I help Charlie pile the water balloons into a laundry basket. He gives Bryan a Popsicle, and Mom makes him eat it on the front porch, because she just mopped the floor. I’m so hungry I can’t make it to the porch; I eat my Popsicle over the sink.
Ellen comes in from outside and almost drops the potted plant she’s carrying. “Charlie, my God! You’re so tall. You and Randy could be twins!”
“I’ll be way stronger than Randy by the end of summer,” says Charlie.
Mom packs suntan oil and a hairbrush into her purse. She tells Charlie to stop drinking all our Kool-Aid. Then she says, “Your mom’s not coming? Is she busy with her flowers?”
I glare at her. She already knows Mrs. Pellitero has a black eye. I told her what happened last night, because I had to tell someone, and she promised not to say anything.
Charlie looks down at his sneakers. “She’s not feeling well.”
“Did she send a dish along with you?”
“He brought Popsicles,” I say quickly.
Charlie’s hand covers his mouth as he grins. Either he doesn’t pick up on Mom’s nastiness or he doesn’t care. He gets the box out of the freezer. “Want one, Mrs. Hammond? I got grape, cherry, or green.”
I almost laugh out loud. She never says no to food these days.
She chooses grape. “Didn’t Randy apply for a warehouse job at Mareno Chem a while back?”
“Yeah,” says Charlie. “They never called him, though. It’s hard to get a job there because the pay’s so good. There’s a wait list or whatever.”
“Interesting,” says Mom. “Because I heard someone shot and killed a whole bunch of birds and then piled the corpses in front of the Mareno Chem administrative office. Did your brother have something to do with that?”
Charlie stops smiling. “Randy wouldn’t shoot birds.”
“So that’s your story and you’re sticking with it, eh?”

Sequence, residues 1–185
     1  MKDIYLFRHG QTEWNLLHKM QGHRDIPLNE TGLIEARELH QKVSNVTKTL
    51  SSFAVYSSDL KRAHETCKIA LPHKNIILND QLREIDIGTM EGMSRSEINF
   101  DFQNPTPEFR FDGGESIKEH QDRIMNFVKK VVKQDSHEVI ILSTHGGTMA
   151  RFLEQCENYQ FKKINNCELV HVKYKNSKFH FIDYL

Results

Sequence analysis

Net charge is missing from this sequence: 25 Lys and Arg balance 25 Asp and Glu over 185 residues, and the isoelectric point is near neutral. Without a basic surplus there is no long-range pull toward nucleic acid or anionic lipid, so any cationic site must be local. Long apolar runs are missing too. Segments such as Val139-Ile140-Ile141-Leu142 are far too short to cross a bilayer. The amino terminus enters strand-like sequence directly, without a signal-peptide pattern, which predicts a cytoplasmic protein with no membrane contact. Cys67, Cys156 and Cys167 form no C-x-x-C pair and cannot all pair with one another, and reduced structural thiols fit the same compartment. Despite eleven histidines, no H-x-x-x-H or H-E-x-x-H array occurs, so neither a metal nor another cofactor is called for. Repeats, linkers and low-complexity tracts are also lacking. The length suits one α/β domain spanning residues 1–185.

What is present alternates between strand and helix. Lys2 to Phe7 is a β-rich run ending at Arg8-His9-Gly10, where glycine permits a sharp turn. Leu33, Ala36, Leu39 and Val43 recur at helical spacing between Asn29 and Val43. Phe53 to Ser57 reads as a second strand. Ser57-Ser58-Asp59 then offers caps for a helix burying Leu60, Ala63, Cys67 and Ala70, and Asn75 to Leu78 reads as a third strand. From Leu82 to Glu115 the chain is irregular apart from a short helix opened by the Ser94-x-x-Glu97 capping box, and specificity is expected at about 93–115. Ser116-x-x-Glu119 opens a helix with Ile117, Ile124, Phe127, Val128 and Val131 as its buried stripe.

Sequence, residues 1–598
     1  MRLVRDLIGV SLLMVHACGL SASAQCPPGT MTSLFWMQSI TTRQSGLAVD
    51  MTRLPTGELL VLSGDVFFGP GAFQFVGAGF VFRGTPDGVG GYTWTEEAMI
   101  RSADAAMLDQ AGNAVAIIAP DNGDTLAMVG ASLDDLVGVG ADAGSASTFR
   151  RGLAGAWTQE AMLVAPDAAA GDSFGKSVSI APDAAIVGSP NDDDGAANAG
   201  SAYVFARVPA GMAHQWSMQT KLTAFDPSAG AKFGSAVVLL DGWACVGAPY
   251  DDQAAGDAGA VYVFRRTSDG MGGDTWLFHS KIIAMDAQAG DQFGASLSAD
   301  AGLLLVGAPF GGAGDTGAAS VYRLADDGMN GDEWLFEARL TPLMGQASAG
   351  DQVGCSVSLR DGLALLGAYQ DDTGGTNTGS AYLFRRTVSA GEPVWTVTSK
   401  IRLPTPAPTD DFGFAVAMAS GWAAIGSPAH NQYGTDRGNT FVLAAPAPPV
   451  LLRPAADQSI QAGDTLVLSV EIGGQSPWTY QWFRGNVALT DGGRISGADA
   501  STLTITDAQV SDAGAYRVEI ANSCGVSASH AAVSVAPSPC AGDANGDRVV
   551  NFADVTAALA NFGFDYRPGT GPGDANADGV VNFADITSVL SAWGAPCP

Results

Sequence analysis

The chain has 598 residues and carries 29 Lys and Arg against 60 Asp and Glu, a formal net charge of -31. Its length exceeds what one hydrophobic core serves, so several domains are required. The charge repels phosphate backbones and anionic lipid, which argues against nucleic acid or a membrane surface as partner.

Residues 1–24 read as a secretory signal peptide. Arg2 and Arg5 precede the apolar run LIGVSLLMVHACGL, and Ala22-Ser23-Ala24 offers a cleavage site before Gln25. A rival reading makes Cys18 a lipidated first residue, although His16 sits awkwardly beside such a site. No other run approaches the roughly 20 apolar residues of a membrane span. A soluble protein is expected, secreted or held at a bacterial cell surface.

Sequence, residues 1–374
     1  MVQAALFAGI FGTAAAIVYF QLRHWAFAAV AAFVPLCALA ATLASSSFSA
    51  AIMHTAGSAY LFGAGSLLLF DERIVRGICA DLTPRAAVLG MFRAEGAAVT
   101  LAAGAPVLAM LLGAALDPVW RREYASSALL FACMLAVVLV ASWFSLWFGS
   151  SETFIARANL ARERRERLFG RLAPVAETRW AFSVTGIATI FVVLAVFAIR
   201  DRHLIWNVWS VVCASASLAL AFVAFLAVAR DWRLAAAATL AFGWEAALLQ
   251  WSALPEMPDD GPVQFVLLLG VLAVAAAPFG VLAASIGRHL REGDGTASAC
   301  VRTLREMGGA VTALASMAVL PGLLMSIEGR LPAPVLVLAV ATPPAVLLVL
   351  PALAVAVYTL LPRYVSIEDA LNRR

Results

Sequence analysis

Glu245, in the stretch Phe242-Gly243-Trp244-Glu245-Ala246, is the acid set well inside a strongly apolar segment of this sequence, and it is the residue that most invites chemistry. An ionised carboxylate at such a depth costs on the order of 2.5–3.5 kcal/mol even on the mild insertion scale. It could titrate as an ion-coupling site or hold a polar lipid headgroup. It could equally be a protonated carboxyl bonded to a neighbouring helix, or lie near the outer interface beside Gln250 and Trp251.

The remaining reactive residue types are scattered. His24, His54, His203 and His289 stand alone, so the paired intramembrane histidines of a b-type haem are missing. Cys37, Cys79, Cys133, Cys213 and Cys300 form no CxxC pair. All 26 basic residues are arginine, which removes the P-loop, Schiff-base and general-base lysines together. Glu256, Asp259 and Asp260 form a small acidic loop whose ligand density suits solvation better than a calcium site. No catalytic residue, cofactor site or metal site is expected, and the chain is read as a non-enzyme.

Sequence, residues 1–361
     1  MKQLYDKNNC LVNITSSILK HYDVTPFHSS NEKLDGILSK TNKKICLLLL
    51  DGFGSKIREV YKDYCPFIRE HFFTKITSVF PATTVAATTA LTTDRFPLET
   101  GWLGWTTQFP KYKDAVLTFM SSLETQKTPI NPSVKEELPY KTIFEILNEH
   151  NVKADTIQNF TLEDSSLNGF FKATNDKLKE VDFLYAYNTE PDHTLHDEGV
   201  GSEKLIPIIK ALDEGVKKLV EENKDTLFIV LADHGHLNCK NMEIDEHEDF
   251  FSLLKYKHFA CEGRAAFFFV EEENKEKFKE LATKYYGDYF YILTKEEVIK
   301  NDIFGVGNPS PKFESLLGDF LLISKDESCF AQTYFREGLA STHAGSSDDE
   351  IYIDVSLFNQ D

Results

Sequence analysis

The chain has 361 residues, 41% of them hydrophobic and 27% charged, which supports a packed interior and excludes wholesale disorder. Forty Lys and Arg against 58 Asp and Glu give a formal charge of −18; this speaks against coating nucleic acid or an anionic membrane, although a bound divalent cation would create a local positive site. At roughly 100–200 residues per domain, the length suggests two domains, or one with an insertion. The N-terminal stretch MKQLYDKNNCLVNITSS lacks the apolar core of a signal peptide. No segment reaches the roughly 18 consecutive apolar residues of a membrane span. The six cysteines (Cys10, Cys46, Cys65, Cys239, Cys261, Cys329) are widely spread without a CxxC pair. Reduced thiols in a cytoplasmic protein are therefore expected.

“What’s that supposed to mean?” I glare at Mom.
Charlie is as quiet as a stone.
We make our way out the door, single file. Charlie carries the cooler. Mom has her beach bag. I lug the basket of balloons. Bryan
follows us across the street, shooting our backs with his squirt gun. I think of Kevin Thompson, how he probably would shoot me in the back with real bullets if he could get away with it.
“What a beautiful day,” Mom says. “Blue skies still feel so new to me. When I was growing up, back when the steel industry was really booming, ore dust and ash from the Bethlehem Steel furnaces used to block the sun, making the sky glow orange, like it was the end of the world, like the waterfront was on fire. It’s so different now. Buffalo gets a lot of sunshine, and over here, we’ve got smoggy skies mostly.”
I know what she means. Whenever we drive along the shores of Lake Erie, it’s like touring a ruined kingdom. You see castle-sized factories; rotting barges with no freight on board; giant smokestacks, like organ pipes, cutting through the sky; and you realize it’s all a bunch of skeletons. Industry is dead in Buffalo. The warehouses and foundries still in operation are found here, in Poxton. You look out your window most days and you see swirling gray till you’re almost seasick. Sometimes we get a different kind of smoke, opaque white in color, and my sinuses drip down the back of my throat, filling my mouth with a weird taste that makes me think of rubber bands.
Today is a great day, though. Today I don’t catch a whiff of anything I don’t like. Burgers, a charcoal grill, citronella candles, and fireworks. That’s how summer should always smell.